Wasco twined baskets of this kind are popularly called sally bags and were used as carrying baskets – remains of two leather straps can be seen near the rim. Mason (1904: 439) noted that they were ‘made in plain twined weaving over warp of rushes, the patterns being effected by overlaying the twine of hemp with strips of liber that in structure resemble corn husks’.
This example is in good condition, with patterns in the shape of four human figures, six deer with antlers, seven geese (?), twenty-eight fish and six birds with spread wings. The human figures are of two types, differing in details of the face, which may mean that both sexes are represented. The rim of the basket, as in many examples, is sewn with a border of European cotton cloth. The central section of the base is darker brown in colour.
Steven Hooper, 1997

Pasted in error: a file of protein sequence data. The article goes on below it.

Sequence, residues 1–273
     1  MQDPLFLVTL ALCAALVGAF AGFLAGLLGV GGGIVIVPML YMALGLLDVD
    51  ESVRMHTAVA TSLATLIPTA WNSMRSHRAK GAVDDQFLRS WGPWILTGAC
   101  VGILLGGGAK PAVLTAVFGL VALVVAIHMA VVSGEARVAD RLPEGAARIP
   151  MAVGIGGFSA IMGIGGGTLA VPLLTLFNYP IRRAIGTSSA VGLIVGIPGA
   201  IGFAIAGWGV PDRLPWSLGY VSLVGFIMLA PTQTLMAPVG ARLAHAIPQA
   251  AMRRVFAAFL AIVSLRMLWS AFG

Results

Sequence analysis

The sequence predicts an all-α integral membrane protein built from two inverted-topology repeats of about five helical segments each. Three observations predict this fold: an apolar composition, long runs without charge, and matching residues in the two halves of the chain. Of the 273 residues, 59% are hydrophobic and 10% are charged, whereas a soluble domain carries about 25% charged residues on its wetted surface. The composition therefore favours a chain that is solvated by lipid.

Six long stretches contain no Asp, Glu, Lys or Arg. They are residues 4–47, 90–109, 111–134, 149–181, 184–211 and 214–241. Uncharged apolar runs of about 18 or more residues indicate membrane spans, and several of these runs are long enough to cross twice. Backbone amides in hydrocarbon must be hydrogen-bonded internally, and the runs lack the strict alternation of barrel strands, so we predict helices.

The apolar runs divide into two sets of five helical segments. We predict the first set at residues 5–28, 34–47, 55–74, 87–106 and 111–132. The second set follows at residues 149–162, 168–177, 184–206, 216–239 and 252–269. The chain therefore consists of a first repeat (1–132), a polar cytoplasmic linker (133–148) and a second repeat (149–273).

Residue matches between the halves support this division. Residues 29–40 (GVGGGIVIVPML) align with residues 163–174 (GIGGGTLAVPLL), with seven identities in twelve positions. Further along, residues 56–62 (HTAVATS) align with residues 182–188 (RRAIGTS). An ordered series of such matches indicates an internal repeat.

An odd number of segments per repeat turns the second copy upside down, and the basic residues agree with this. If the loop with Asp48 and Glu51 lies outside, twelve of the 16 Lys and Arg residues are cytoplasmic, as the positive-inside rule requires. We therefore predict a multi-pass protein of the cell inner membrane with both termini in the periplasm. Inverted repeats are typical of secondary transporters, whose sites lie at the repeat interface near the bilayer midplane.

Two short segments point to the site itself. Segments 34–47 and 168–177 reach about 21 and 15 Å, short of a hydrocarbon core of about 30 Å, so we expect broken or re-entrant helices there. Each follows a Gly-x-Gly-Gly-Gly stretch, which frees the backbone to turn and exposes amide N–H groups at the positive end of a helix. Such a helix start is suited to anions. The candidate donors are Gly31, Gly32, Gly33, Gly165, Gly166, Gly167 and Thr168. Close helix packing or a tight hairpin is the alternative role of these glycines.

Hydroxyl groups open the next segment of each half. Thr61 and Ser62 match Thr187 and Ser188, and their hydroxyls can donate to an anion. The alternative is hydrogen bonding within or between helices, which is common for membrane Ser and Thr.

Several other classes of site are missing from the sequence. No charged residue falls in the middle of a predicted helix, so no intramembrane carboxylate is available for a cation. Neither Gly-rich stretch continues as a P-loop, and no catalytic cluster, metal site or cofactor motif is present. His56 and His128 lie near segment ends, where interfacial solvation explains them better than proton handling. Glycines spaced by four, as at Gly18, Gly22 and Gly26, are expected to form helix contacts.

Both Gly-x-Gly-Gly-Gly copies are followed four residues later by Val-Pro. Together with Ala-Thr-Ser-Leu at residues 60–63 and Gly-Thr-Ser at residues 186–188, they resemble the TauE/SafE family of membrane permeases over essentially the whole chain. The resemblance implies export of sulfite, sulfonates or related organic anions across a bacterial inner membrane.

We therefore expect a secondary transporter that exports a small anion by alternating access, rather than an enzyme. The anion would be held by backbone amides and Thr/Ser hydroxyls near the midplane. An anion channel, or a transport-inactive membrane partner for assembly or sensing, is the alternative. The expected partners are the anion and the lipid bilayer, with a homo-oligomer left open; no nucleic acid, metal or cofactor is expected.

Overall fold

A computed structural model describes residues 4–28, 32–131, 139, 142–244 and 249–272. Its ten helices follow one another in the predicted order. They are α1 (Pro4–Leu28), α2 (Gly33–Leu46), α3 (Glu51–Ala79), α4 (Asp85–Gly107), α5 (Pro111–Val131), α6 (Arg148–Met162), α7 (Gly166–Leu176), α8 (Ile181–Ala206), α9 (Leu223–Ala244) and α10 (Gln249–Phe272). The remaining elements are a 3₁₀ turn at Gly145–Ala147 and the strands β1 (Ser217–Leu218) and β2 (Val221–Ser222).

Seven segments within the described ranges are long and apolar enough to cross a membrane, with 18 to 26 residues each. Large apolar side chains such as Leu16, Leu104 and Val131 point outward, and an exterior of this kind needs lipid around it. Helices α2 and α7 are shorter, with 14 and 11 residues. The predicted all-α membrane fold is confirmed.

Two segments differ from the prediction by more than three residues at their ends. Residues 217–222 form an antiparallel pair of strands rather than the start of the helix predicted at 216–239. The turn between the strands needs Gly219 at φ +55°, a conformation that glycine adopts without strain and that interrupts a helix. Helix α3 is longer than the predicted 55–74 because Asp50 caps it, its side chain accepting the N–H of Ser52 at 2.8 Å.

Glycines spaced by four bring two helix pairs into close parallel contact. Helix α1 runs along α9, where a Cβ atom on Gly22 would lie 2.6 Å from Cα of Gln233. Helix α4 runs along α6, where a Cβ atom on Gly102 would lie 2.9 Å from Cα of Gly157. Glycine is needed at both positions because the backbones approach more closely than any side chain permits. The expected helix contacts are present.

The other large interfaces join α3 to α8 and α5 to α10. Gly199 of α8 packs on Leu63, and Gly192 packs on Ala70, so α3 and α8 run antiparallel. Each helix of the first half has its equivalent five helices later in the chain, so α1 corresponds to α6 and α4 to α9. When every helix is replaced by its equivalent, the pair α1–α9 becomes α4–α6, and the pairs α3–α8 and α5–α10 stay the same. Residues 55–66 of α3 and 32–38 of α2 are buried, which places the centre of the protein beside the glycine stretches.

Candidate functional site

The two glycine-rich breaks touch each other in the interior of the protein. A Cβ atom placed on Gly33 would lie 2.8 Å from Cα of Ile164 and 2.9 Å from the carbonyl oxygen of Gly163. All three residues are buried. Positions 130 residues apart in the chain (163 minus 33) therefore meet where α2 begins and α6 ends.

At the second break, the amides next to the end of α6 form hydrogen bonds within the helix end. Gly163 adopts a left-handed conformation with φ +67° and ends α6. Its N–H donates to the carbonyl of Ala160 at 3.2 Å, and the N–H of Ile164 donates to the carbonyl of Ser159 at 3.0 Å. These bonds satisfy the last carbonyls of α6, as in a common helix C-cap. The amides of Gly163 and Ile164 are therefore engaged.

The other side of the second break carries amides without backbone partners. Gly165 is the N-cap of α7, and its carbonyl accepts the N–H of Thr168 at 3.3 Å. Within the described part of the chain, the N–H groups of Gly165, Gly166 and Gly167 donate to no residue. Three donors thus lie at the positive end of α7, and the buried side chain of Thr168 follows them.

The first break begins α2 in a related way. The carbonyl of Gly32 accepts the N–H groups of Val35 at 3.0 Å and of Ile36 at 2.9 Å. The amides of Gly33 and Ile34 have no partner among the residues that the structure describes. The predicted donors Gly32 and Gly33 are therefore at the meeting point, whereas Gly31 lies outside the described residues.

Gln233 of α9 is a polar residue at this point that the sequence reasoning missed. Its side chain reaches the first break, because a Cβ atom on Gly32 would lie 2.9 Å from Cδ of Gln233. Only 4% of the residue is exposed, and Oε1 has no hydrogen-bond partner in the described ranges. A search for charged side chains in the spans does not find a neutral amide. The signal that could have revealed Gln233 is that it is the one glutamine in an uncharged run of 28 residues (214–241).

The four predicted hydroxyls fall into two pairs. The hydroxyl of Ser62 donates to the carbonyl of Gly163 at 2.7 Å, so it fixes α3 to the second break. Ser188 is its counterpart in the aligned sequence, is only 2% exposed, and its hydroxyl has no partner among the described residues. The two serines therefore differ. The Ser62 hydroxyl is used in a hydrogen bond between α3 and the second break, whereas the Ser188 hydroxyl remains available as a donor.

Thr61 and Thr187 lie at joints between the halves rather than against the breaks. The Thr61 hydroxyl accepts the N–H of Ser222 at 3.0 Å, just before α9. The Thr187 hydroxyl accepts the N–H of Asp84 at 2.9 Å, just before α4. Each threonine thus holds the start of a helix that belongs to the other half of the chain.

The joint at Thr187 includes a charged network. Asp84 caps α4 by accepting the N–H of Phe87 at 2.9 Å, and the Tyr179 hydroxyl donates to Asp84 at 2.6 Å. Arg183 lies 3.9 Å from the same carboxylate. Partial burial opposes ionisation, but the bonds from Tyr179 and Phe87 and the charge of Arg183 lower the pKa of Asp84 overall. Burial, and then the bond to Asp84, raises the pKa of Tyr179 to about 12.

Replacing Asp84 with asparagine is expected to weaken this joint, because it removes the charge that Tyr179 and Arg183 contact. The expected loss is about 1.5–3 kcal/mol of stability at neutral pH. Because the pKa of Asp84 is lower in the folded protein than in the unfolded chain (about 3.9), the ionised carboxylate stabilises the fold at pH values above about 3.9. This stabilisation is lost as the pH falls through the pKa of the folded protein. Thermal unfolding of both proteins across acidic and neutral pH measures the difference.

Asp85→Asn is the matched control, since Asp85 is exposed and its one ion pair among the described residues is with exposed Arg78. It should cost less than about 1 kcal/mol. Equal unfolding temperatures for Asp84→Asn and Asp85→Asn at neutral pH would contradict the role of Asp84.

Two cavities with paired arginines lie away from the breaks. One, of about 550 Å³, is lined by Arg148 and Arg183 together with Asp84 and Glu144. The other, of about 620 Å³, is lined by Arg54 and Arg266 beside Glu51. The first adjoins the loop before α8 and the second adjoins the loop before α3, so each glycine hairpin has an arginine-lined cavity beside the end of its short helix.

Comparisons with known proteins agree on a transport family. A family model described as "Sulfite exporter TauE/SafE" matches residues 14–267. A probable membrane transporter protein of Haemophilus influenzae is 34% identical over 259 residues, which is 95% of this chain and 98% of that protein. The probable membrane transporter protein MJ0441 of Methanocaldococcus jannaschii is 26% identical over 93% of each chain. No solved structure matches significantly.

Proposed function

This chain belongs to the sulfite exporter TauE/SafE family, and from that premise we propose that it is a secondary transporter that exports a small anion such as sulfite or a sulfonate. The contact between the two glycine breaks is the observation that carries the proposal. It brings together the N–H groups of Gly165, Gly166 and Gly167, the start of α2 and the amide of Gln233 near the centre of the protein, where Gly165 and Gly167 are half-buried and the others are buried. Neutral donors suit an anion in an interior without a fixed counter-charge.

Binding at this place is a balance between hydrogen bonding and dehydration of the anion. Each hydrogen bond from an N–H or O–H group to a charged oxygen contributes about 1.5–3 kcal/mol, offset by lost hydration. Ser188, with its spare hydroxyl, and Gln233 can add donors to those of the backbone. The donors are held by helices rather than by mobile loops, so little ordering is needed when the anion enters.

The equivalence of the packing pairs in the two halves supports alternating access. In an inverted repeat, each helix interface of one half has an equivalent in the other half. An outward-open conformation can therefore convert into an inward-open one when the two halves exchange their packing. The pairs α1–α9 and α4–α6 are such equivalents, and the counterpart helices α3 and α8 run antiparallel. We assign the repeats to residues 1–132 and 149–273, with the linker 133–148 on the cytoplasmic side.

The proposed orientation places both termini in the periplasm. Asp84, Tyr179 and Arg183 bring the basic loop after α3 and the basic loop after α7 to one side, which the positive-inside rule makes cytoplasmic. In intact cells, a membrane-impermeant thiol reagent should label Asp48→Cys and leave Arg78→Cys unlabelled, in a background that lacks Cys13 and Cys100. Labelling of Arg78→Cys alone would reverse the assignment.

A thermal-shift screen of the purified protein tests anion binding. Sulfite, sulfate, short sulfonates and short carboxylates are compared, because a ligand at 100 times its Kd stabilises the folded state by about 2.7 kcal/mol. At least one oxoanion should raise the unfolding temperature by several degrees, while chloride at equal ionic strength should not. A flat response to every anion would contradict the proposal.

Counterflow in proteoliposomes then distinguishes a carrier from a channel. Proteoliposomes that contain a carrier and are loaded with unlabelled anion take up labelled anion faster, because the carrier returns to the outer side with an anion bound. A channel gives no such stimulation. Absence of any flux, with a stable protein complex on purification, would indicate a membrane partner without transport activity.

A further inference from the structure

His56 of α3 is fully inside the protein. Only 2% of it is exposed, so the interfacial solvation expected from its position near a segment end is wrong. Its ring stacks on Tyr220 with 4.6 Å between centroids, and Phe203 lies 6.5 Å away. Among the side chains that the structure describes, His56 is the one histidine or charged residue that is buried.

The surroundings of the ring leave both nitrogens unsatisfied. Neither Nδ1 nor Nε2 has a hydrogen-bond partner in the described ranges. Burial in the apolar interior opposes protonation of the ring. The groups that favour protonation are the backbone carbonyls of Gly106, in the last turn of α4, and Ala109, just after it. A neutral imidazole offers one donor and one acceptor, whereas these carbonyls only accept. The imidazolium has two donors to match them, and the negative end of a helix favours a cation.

Entry taken from Robert and Lisa Sainsbury Collection, Vol. 2: Pacific, African and Native North American Art, edited by Steven Hooper (Yale University Press, 1997) p. 289.
Purchased by the Sainsbury Centre, University of East Anglia from Peter Sharrer, New York in 1975 out of funds provided by Robert and Lisa Sainsbury.
Not on display
Object Type: Basket
Measurements: h. 276 x d. 185 x d. 185 mm
Accession Number: 637
Historic Period: Late 19th/early 20th century
Cultural Group: Wasco
Credit Line: Purchased with support from Robert and Lisa Sainsbury, 1975